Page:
Every character changed and grew so much in this story that it is hard to view them the same way than at the beginning of A Game of Thrones. Sansa and Arya in particular, both young girls, have now become strong women in their own right. While their transformation is rewarding in many ways, it is also brutal to see them begin to lose hope in the world around them. Who can blame these characters? Often times they are isolated and tested just to survive.

My hope for the next book is to see how these characters become major players in the war itself and watch their characters grow and develop. I am really looking forward to A Feast for Crows, and have already begun reading. I will let you know of some of my favorite quotes when I get the chance.

Game of Thrones Quote #5 & Robert Sapolsky

The following post contains spoilers from the book series A Song of Ice and Fire.

It is not me she wants her son to marry, it is my claim. No one will ever marry me for love (A Storm of Swords, 776).

Sansa grew up singing the songs of her grandmother and believing that a beautiful prince would sweep her off her feet and marry her. Now, through death and a failed marriage, she has come to realize that in this world, no one will want her for who she is. This is a bitter pill to watch her swallow, and her character arc makes it all the more moving.

Throughout the first book A Game of Thrones, it was really hard to care about Sansa’s complaints. Her constant pettiness and ignorance was frustrating to read, and each time she complained I found it to be insufferable. However, her experiences have caused her to grow immensely, and in many ways she is one of the strongest characters in the story. She refused to let the horrible men in her life take away what mattered to her, and she remained dignified throughout.

Now it is depressing to read her realization of what she is and how she is viewed by others. She will never be as happy as those songs, but in a sense she is a better person because of it. Sansa was a character in desperate need of a wake up call, but this feels to harsh to for anyone to deal with.

We have been alluding away at the ideal of the self with recent scientific discoveries.

While I must admit I have not read a book by Robert Sapolsky, his arguments made on a few podcasts about why free will is an illusion are incredibly intriguing. My favorite of these was on an episode of Radiolab, in which the crew reexamined a case of someone who changed after a brain surgery. It is a genuinely shocking story and I highly encourage everyone to listen to it.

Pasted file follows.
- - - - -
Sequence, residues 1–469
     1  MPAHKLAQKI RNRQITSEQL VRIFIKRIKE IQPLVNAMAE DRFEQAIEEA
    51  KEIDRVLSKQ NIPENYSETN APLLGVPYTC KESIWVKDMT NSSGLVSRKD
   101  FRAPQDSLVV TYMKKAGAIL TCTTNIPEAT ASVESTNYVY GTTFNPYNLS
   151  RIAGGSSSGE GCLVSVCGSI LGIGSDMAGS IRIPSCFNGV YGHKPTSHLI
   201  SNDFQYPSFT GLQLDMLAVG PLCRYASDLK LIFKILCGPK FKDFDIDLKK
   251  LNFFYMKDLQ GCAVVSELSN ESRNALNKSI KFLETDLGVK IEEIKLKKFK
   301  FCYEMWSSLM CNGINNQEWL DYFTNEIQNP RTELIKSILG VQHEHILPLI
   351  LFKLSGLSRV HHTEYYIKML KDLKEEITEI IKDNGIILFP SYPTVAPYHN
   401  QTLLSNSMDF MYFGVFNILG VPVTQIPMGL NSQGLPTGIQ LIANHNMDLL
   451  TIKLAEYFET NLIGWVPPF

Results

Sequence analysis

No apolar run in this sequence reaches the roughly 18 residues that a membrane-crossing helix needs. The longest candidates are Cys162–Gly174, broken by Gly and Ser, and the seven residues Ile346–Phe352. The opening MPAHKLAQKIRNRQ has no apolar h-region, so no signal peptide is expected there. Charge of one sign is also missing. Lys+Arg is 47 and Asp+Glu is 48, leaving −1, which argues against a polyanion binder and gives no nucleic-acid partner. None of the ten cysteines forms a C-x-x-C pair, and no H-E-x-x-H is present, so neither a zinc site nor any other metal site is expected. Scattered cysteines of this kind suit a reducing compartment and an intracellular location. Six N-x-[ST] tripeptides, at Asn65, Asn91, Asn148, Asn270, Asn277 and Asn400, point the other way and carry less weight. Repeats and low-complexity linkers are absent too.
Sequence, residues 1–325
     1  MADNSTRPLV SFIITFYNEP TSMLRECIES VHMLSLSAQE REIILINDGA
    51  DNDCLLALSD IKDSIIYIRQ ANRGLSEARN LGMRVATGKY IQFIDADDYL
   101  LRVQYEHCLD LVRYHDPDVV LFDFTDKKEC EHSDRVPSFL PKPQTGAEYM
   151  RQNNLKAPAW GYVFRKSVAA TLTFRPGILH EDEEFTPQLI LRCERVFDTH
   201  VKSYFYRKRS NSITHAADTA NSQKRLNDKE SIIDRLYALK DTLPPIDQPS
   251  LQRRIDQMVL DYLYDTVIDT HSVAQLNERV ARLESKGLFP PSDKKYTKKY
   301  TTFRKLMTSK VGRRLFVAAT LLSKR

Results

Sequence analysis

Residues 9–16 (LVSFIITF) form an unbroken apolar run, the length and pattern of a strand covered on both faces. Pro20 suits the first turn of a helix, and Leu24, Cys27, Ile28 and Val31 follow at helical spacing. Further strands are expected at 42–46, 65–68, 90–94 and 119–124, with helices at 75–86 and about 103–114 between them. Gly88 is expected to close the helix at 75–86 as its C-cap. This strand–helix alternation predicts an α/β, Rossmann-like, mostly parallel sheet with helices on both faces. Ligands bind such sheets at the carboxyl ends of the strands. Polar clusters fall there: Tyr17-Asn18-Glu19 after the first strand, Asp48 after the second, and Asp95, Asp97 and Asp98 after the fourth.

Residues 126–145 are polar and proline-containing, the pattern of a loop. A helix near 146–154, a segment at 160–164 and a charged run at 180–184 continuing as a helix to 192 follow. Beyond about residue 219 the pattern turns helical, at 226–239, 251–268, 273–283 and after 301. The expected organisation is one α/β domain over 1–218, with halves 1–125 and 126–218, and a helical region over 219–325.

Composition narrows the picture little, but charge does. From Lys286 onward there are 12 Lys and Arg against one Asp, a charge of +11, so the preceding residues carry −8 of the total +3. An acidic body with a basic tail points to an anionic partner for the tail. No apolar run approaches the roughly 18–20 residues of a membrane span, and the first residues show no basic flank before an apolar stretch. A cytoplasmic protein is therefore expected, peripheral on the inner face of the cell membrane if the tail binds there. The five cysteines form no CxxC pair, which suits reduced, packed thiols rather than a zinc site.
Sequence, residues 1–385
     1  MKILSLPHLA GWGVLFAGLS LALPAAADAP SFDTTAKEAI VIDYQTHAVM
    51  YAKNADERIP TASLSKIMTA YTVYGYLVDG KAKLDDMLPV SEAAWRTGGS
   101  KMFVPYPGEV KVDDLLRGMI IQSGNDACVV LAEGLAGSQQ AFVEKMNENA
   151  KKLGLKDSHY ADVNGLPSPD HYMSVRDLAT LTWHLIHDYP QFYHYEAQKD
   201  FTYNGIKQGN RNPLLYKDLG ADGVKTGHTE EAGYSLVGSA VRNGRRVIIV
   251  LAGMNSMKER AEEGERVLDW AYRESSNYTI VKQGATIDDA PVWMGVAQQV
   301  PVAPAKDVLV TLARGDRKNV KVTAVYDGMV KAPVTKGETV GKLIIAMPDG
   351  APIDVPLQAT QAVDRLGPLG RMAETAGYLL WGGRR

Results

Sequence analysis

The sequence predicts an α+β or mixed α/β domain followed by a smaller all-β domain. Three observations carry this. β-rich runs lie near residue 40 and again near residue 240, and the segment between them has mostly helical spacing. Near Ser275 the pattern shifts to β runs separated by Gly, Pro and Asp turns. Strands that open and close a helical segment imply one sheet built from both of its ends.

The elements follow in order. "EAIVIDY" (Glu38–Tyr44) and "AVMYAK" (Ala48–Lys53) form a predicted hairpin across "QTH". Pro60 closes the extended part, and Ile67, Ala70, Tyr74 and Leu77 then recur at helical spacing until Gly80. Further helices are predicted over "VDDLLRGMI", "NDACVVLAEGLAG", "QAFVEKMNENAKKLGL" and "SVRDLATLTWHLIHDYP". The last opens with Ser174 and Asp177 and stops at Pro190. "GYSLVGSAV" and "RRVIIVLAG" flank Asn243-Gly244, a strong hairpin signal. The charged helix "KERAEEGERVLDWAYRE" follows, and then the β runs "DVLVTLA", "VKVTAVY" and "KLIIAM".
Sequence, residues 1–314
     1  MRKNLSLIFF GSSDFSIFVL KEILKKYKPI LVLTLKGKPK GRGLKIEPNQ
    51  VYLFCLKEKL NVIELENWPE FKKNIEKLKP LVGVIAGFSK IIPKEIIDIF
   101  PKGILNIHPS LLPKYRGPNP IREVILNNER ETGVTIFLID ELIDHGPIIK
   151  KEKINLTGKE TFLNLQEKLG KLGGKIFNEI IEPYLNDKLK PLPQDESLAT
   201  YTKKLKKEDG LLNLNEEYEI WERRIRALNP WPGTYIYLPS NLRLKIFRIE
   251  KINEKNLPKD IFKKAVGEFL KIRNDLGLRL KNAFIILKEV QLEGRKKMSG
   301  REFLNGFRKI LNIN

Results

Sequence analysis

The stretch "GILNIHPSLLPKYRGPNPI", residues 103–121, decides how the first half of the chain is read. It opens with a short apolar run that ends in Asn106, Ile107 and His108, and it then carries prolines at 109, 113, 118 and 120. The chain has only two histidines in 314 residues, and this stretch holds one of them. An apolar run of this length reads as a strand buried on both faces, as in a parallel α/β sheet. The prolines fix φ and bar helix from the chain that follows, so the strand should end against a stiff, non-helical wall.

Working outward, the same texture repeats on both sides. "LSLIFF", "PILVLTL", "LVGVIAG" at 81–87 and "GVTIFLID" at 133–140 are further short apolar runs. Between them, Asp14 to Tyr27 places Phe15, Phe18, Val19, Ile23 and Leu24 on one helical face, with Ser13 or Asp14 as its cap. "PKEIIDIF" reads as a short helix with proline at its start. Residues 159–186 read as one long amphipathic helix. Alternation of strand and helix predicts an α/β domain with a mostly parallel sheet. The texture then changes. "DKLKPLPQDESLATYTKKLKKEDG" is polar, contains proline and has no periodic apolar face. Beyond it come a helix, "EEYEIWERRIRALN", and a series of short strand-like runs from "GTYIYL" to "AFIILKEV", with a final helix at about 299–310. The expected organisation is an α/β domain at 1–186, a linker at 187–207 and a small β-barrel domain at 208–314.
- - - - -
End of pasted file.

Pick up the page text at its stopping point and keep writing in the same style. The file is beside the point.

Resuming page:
Most recently, he had an interview with Ezra Klein, in which he discusses stress and how it should be seen as a fault in machinery not as in a fault of the user. It is seriously fascinating stuff.

I guess it intrigues me because the narrative seems to be subject to so much abuse. Why do my actions matter if they are all pre-determined or not controlled by me? It is certainly reasonable to believe people would use this narrative to run amok, claiming that none of this is in fact their fault. However, I think this explanation could help in a lot of ways as well. I was born with a language learning disorder, and I blamed myself for my faults. It took me time to figure out that my handwriting was bad not because of a fault of my own, but because I had an impairment, that my interactions could feel awkward because of my ability to comprehend.

How then can we attempt to make a balanced explanation while also valuing the sanctity of humans themselves? It is a tough task, but I tend to think we should try to explain why we have certain behaviors and not act as though we are sole contributors to our own faults. Anyway, I hope to read his books at some point and have more to say on the subject!

The Ballad of Buster Scruggs & Howard Schultz

The Ballad of Buster Scruggs – In a movie that is anthological in structure, some stories work better than others. That being said, there are a lot of very fun stories, full of the crudeness of man the Coen Brothers are known for. Liam Neeson and James Franco’s respective stories both standout, and the ending is one that will surely leave when you stop watching. This is one of those movies that I liked the more I thought about it afterwards, but for me it still does not live up to its potential. The breaking up of the stories allows for some creativity, but also takes away from the film’s success. It is worth watching but that unfortunately takes away from the score. 8/10